The study indicates that, as in 1997, the severe haze in September-October 2015 was an entirely man-made disaster, exacerbated by a combination of El Niño and positive Indian Ocean Dipole (pIOD) weather patterns, both of which delay the monsoon rains and create drought conditions, making Indonesia’s forests and peat lands dry tinderboxes.

Peat contains significant combustible organic material and can burn for weeks on end. It releases up to three to six times more fine particulate-matter (PM2.5) than fires that burn on other soils. Particulate emissions are the leading cause of global pollution-related mortality.

The primary standard for unhealthy levels of annual average PM2.5 is 12 μ g m3 (12 micrograms [one-millionth of a gram] per cubic meter of air). The study indicated that much of Equatorial Asia is close to this standard in non-haze years—with the annual mean values reported in 2011 to be around 13–14 μ g m3 for Indonesia, Malaysia, and Singapore. People living in areas close to fire zones may experience annual average PM2.5 of 50 μ g m3.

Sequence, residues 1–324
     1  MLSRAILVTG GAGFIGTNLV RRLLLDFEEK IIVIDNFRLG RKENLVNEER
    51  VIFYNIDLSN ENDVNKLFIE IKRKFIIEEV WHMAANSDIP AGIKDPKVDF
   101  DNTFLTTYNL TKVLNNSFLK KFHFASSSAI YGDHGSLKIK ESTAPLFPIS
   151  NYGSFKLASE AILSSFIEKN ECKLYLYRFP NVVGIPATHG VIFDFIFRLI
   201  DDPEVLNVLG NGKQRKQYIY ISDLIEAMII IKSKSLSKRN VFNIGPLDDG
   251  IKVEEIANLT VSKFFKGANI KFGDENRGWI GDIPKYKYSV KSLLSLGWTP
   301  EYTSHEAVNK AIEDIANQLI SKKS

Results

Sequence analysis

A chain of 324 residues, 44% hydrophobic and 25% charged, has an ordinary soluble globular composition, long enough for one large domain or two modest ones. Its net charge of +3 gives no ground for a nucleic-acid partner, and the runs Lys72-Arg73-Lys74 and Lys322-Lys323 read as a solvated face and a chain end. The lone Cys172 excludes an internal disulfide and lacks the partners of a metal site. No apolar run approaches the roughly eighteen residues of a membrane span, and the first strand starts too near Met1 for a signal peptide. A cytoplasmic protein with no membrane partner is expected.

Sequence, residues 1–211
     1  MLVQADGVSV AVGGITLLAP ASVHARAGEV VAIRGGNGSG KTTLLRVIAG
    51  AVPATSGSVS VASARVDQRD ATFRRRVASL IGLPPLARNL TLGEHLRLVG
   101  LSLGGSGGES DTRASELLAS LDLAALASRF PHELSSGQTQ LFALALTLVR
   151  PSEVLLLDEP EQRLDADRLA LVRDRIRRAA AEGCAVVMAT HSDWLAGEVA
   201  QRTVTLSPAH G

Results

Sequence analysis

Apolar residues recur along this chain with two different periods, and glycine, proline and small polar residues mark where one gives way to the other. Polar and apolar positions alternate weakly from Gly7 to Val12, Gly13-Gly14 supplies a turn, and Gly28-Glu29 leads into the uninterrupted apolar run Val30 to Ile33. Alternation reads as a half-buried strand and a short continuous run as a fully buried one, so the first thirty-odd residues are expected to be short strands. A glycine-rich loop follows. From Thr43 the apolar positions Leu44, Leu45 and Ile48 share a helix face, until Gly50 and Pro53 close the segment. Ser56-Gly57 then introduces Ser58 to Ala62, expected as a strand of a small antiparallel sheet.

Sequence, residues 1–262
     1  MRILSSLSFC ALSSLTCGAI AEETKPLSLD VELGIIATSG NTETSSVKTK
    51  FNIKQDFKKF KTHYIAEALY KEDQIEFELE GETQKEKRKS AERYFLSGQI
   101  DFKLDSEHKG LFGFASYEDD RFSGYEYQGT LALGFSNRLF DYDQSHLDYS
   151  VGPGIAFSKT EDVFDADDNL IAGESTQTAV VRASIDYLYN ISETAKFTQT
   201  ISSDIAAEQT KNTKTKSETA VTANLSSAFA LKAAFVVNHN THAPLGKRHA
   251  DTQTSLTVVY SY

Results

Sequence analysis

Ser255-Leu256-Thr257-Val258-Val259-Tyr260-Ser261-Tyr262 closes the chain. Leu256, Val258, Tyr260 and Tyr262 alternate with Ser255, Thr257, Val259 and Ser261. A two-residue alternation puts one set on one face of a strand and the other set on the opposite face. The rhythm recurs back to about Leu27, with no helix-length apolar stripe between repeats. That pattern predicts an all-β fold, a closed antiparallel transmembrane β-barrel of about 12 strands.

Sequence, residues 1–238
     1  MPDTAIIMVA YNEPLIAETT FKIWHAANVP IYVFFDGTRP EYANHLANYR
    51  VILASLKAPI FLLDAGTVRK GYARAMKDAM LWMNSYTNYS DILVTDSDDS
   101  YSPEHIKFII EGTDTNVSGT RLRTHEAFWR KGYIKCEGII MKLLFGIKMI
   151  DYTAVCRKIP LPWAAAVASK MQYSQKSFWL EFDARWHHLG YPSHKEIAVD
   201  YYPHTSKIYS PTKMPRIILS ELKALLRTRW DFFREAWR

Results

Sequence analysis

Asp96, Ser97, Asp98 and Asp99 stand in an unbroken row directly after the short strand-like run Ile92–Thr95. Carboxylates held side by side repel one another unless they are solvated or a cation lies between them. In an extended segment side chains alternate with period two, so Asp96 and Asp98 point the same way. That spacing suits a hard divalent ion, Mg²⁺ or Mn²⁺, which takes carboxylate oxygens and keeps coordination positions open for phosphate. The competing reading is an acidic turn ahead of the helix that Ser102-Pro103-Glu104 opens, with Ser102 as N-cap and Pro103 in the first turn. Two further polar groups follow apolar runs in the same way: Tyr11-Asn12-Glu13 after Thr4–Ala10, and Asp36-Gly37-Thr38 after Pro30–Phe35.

Through the months of the haze, the average estimated fine particulate-matter exposure was approximately 60 μ g m3 across the affected regions. Singapore recorded as high as 182 μ g m3 toward the end of September 2015, when the haze was at its worst.

The World Bank released data showing air quality during high burning periods in villages near the fires regularly exceeds 1,000 on the Pollutant Standards Index (PSI). Anything above 151 is regarded as unhealthy and above 350 is hazardous. In Palangkaraya, the capital of Central Kalimantan, readings came close to 2,000 PSI in late September. These are the highest readings ever recorded during the fire season.